For scientists, Chester added, the coinciding of the two celestial events does not appear to have any cosmic significance.

But for Wiccans, astrologists and others, Starhawk wrote, the coincidence offers an opportunity to "step out of time. We are free of the past, and we can consciously create the future, for ourselves, for our communities, for the earth."

Few alive today are likely to see a recurrence. The next time the winter solstice and a total lunar eclipse will occur on the same calendar day will be Dec. 21, 2094.

The total eclipse began about 2:40 a.m. and lasted 72 minutes, until 3:52 a.m. The moon then continued moving through the Earth's shadow, emerging completely sometime after 5 a.m.

The winter solstice, which occurs later in the day, is the time when the sun reaches its lowest point in the northern sky. The Naval Observatory said this year's solstice will be at 6:38 p.m.

The day of the solstice is essentially the shortest of the year in the Northern Hemisphere. Many people consider to be the official start of the winter season.

This year, however, many people will require little convincing that winter has already begun. If temperature is any measure of wintriness, it is clear that December has been much colder than average in Washington.

37°

Mostly cloudy
°F | °C
Feels like: 33°F
Wind: 9 mph WNW
Pressure: 30.01"
Humidity: 44%
Dew point: 18°

Capital Weather Gang
Connect with us:

PM Update: Cold transitions to cool
For the first time in more than a week, we escaped the 30s. But the (unofficial) high of 41 is still four degrees below average. We remain locked in a cold pattern which shows no immediate sign of meaningfully relaxing. As such, a chilly evening and Wednesday lie ahead.

weilm@washpost.com wilgorend@washpost.com
Re: The Astronomy Thread PostThu Dec 23, 2010 8:04 am Offline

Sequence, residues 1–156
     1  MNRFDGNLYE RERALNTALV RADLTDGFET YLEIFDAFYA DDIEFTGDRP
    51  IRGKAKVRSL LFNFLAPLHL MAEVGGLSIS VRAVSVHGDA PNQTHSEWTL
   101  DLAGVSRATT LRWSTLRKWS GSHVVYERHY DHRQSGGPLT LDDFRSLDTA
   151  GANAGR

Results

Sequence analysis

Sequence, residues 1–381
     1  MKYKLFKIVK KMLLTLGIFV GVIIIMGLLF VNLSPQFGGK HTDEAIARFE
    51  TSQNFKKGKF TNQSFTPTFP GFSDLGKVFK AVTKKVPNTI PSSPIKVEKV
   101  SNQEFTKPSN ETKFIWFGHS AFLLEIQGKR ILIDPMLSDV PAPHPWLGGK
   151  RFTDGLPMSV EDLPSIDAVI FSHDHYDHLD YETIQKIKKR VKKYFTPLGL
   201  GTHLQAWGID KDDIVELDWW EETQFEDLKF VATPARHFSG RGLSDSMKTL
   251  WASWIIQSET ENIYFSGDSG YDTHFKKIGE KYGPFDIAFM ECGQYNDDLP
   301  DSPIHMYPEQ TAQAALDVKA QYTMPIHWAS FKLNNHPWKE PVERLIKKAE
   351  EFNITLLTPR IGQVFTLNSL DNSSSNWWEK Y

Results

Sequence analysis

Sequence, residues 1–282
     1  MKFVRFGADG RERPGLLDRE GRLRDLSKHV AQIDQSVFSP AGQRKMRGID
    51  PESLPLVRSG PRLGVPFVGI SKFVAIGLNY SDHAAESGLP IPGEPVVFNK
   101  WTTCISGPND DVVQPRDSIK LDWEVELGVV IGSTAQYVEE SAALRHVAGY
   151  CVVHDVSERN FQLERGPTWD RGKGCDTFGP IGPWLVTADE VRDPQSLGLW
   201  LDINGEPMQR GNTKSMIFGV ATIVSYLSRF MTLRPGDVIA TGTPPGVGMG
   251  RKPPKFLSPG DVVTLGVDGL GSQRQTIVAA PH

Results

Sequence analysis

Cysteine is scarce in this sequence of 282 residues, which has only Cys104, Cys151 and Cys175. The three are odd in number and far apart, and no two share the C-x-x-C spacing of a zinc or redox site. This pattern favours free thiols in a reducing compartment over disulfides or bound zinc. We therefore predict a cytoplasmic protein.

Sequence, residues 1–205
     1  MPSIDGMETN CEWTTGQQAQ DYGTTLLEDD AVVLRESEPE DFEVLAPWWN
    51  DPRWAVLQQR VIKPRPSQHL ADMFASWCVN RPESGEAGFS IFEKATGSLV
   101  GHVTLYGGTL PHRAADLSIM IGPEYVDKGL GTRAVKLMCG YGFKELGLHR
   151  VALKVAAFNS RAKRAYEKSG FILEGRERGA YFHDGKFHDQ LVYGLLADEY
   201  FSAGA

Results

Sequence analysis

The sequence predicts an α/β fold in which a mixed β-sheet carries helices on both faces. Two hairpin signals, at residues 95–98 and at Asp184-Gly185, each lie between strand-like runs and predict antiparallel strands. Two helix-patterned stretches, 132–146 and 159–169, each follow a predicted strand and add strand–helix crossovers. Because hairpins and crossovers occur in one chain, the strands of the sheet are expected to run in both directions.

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Mon Nov 23, 2009 8:20 pm5070
http://www.nasa.gov/multimedia/imagegal ... _1829.html

Where Stars Are Born

This mosaic image is the sharpest wide-angle view ever obtained of the starburst galaxy, Messier 82 (M82). The galaxy is remarkable for its bright blue disk, webs of shredded clouds and fiery-looking plumes of glowing hydrogen blasting out of its central regions.

Throughout the galaxy's center, young stars are being born 10 times faster than they are inside our entire Milky Way Galaxy, which results in a huge concentration of young stars carved into the gas and dust at the galaxy's center. The fierce galactic superwind generated from these stars compresses enough gas to make millions of more stars.

In M82, young stars are crammed into tiny but massive star clusters. These, in turn, congregate by the dozens to make the bright patches, or starburst clumps, in the central parts of M82. The clusters in the clumps can only be distinguished in the sharp Hubble images. Most of the pale, white objects sprinkled around the body of M82 that look like fuzzy stars are actually individual star clusters about 20 light-years across and contain up to a million stars.

The rapid rate of star formation in this galaxy eventually will be self-limiting. When star formation becomes too vigorous, it will consume or destroy the material needed to make more stars. The starburst then will subside, probably in a few tens of millions of years.

The observation was made in March 2006, with Hubble's Advanced Camera for Surveys' Wide Field Channel. Astronomers assembled this six-image composite mosaic by combining exposures taken with four colored filters that capture starlight from visible and infrared wavelengths, as well as the light from the glowing hydrogen filaments.